The inverter is the main focus for components supporting 48 V designs, but there is also demand for 48 V in compressors and heaters, water pumps and other subsystems using 48 V. This puts more pressure on the design of passive components such as capacitors where the main engineering challenges are the filter for EMI and the DC-link capacitor.
One approach is to use a hybrid capacitor that uses a wet electrolyte and a polymer electrolyte to get the reliability needed for automotive designs at 48 V with smaller size and higher current capability than 12 V devices. The design of the capacitor depends on the combination of the electrolyte and the polymer. If the area is not well-distributed, localised self-heating occurs and the electrolyte will deteriorate, shortening the lifetime of the device
For the DC-link capacitors in an 11 kW 48 V inverter, for example, using a hybrid capacitor can reduce the space required by 40% by replacing five electrolytic capacitors with three hybrid devices measuring 18 x 35 mm. Alternatively, five hybrid devices in the same space can handle 45% more current, allowing a power of 16 kW. This higher power is being requested for P4 hybrid designs.
The EMI filter has a different set of requirements with the higher currents at 48 V, meaning traditional differential choke filters cannot be used.
Here, a ferrite core material sits directly on the busbar in differential or bus mode. The dual-mode choke with a magnetic node between the busbars increases the differential mode between the bus bars to 250-300 A.
The EMC filter between the main PCB and the DC supply can use a choke that can work as a filter in both common and differential modes in a single part. The ferrite outer ring of the choke is used as the common mode path, and the tongue is combined with an air gap and the outer ring as a defined differential mode path. This provides for low DC losses owing to the busbar’s low current density, while the differential mode can be influenced by the core design with the flux remaining mostly in the ferrite core.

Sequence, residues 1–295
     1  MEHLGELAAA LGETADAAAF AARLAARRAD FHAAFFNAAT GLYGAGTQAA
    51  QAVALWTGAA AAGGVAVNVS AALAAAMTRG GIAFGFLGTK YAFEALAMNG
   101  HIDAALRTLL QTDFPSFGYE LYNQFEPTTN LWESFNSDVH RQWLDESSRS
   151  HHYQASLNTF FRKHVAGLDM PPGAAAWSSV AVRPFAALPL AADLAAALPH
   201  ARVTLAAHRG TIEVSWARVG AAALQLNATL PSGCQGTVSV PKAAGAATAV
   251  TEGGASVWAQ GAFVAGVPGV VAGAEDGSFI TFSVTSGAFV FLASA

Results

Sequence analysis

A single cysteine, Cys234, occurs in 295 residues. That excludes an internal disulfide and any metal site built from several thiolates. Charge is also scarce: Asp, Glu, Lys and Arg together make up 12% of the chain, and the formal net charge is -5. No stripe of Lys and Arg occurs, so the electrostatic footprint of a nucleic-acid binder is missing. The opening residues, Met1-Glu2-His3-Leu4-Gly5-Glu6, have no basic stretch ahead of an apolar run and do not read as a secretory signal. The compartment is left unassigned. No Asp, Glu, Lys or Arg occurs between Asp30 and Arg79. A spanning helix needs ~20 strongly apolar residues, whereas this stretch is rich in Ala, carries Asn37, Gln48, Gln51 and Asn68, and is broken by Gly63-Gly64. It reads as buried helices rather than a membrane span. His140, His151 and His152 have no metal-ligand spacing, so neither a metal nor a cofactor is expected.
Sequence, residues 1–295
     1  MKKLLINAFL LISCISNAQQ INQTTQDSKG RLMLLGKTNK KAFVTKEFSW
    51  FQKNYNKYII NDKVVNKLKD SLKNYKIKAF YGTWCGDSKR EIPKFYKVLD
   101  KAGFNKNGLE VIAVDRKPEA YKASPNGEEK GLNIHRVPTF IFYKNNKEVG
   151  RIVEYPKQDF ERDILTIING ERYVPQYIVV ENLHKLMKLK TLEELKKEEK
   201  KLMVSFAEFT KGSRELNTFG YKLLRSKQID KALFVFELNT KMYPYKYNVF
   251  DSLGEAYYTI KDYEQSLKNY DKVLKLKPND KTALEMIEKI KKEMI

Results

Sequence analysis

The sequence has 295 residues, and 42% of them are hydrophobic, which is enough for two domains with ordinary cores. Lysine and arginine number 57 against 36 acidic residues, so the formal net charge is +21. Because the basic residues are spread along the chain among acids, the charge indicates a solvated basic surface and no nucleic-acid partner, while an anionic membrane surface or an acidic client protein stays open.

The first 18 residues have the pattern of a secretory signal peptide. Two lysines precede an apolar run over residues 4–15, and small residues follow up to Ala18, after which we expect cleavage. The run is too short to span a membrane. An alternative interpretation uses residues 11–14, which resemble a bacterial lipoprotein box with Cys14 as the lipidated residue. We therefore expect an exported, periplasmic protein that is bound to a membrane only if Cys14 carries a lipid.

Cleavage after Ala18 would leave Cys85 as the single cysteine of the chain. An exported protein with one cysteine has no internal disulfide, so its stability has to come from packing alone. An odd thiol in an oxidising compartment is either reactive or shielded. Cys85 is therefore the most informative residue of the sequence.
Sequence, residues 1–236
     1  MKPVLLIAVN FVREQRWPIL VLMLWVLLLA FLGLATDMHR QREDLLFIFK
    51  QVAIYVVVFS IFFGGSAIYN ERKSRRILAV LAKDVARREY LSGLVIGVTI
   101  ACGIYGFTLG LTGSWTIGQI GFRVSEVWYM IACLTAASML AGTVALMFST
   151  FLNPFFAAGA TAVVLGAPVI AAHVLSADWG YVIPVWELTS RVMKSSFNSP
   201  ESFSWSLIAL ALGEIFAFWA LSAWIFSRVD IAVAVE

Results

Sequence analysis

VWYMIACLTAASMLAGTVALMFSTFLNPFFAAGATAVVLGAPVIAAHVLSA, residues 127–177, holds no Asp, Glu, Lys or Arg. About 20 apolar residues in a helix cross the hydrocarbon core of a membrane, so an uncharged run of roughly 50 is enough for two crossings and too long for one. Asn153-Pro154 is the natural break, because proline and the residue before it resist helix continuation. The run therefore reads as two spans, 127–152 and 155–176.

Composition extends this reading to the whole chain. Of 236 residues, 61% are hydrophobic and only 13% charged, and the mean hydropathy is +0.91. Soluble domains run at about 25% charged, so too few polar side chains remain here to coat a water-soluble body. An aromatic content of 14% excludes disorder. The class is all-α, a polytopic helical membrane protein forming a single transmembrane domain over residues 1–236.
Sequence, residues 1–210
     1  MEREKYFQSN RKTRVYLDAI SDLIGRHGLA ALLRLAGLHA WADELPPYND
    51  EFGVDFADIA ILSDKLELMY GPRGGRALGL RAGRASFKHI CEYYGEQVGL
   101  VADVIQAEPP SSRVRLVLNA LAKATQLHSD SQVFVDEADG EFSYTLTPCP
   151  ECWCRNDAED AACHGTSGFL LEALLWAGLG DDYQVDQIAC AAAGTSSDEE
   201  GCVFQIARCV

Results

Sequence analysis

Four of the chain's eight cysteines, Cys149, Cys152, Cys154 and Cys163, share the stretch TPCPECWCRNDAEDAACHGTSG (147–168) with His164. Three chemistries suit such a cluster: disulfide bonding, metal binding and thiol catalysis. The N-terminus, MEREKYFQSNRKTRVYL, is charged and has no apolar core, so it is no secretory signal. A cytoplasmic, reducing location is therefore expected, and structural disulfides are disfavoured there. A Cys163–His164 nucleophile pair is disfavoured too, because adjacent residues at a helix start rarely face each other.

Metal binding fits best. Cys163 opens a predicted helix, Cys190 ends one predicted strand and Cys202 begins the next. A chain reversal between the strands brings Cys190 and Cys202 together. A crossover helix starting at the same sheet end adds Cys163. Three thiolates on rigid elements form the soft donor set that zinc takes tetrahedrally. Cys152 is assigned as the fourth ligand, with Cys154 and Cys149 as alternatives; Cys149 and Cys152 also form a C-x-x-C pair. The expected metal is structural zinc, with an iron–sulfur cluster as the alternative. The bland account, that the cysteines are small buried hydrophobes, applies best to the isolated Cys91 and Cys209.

Ferrite materials with an attenuation of 5000 mu can operate up to 150 C and 1 MHz to prevent any EMI noise in the AM band.
For 48 to 12 V DC-DC converters, tantalum and polymer capacitors are used to filter the output of the converter, the main difference being the lifetime and mechanical aspects of the equivalent series inductance and resistance (ESL and ESR).
One important point is to take a modular approach to design. Designers are using pre-assembled capacitor arrays in parallel with the busbars to go directly on the AC side so they don’t need to worry about soldering issues, which can cause failures. This allows a low ESL based on the busbar topology by compensating for the inductance of the positive and negative busbar by putting them close together.
48 V power distribution
Adding a 48 V battery to power a heavier powertrain and chassis-system loads provides options to engineers. Now there is a choice of adding systems that can deal directly with a 48 V input, or to retain legacy 12 V electromechanical loads such as pumps, fans and motors and instead convert the 48 V to 12 V via a regulated DC-DC converter.
Mild-hybrid power delivery systems are slowly adding 48 V loads but still use a large centralised multi-kW 48-12 V converter that feeds 12 V around the vehicle to the 12 V loads. However, this centralised architecture does not take the full advantage of a 48 V power distribution network and cannot take advantage of improvements in DC-DC converter topologies, control systems and packaging.
The vast majority of these centralised DC-DC converters are bulky and heavy, since they use older low-frequency switching PWM topologies. They also represent a single point of failure for many critical powertrain systems.